Safeguarding Children, Young People and-or Vulnerable Adults
Safeguarding is a critical element for anyone working with children, young people or vulnerable adults to ensure that they are protected from abuse or neglect. It is essential that anyone in these roles understands what safeguarding is and how abuse or neglect can be prevented. Unfortunately, not all cases can be prevented so it is crucial that health and social care professionals are able to recognise abuse and know what their responsibility is with regard to reporting this and supporting their service users.
This unit sets out to define what safeguarding is, how this applies to children, young people and vulnerable adults, and the impact this has on health and social care professionals. We identify the signs of abuse and how this abuse can impact the victim in question. Finally, we look at the legislation that supports safeguarding and the other agencies involved in the prevention of abuse and the safeguarding of children, young people and vulnerable adults.
The development of study skills is at the heart of every Access to Higher Education course. It is these skills that enable you to thrive in higher education, placing you on an equal footing with students who have followed A-level or other routes.
This three-credit unit contains the key study skills common to all Access to HE programmes. A number of the criteria have been explored in depth elsewhere to form units in their own right. For example, Access to HE students can study whole units on being a reflective learner, writing reports, and references and the reliability of sources. But in this small unit, you have an invaluable treasury of skills which will set you up for your higher education studies.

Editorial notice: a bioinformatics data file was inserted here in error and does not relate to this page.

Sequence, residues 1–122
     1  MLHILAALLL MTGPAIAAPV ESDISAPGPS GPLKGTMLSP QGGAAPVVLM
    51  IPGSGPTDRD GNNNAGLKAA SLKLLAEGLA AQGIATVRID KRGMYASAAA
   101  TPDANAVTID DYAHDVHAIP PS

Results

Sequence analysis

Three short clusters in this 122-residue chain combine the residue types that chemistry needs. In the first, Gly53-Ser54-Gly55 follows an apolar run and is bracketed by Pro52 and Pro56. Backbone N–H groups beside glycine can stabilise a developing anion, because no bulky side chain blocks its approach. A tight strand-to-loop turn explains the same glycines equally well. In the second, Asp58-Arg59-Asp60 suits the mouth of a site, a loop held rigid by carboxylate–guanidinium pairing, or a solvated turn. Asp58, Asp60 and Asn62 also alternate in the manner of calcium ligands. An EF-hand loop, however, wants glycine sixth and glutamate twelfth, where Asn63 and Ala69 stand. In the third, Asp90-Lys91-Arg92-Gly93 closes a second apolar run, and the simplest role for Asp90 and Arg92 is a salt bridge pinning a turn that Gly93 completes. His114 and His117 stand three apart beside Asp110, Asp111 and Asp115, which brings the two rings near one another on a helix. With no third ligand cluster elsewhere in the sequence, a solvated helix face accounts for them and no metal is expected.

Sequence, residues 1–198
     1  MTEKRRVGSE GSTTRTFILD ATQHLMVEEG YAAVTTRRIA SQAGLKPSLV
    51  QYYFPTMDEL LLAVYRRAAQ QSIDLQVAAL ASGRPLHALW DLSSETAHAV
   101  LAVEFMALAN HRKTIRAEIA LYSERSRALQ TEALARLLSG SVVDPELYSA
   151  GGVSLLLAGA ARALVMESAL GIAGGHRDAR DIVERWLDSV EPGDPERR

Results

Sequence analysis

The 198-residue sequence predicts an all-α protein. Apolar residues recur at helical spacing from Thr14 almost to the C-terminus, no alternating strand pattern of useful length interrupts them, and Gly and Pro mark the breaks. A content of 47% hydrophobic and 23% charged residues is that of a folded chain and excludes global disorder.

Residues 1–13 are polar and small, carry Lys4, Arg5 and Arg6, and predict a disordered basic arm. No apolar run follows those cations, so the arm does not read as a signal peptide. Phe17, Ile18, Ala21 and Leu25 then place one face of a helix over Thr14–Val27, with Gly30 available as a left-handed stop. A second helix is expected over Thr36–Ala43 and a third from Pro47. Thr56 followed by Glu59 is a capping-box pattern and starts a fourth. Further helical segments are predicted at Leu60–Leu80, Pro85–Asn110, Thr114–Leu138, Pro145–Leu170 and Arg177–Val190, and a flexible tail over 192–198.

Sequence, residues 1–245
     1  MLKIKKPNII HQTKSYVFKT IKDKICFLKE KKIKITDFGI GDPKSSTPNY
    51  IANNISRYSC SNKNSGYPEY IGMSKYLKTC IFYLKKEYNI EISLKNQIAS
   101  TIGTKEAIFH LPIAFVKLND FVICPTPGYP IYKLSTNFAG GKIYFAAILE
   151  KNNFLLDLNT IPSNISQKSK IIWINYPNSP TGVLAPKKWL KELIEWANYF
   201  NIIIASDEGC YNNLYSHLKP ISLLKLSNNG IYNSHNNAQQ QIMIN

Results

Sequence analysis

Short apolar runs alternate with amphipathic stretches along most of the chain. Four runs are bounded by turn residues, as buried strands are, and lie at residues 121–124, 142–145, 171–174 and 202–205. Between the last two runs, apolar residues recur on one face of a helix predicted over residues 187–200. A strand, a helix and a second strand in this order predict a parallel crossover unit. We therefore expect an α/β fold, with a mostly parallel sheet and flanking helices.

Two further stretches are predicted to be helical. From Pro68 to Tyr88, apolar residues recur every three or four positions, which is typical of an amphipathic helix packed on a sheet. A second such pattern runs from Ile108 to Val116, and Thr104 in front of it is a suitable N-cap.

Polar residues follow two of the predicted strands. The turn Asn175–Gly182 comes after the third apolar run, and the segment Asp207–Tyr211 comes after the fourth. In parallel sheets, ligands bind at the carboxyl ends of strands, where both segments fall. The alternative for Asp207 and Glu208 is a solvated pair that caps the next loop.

You will learn how to balance your work, family and other commitments with the demands of study and how to produce a study plan, manage your deadlines and organise your work.
You will learn what to expect in a class or tutorial and how to participate effectively. When you receive your first assignment titles you will have learned to analyse what is required and the best approach to responding to the task.
You will learn that we are highly individual in our learning styles and preferences, and you will be able to use common tools to analyse your own style.
Finally, you will learn how best to extract information from written sources, and how to give credit to the sources you have used – and your own research efforts in locating them.
The Role of the Midwife During Labour and Birth
This unit explores the interesting and various environments for labour and birth. You will learn about the role of the Midwife through every stage of the labour and birth process and how the Midwife assists the new parent/s immediately following the birth.
Understanding Perinatal Mental health and Illness
This unit investigates the prevalence of perinatal mental health issues and the environmental factors affecting this. Learn to recognise the signs and symptoms of perinatal mental health illness and how to report concerns.
There are three options available for funding:
- Through an Advanced Learner Loan.
- Self–funding:– you can fund the course yourself if you are unable to access a Learner Loan.
- Employer Funding:- you may be able to approach your employer for funding if you are already working in the sector. Learners often combine working with the course.
- If you will be self-funding, the course fee may be reduced and you will be able to pay in installments. Please speak to our advisers for more details.
- If you study an Access to HE course and progress directly to the university, the Advanced Learner Loan will be written off when you complete your degree.
Mediprospects operates a MATRIX accredited (Since 2012) Information, Advice and Guidance Service which is available to everyone who visits the Centre without any costs. Our Careers Advisers are trained to find out about your future aspirations and map out how you can get there.
If you are unsure about your next steps in learning, work or career, our Advisers can help you make decisions that are best for you.
Information, Advice and Guidance (IAG) service can help you to:
- Find out what you are skilled at
- Decide about your career
- Find work
- Find learning opportunities
- Build confidence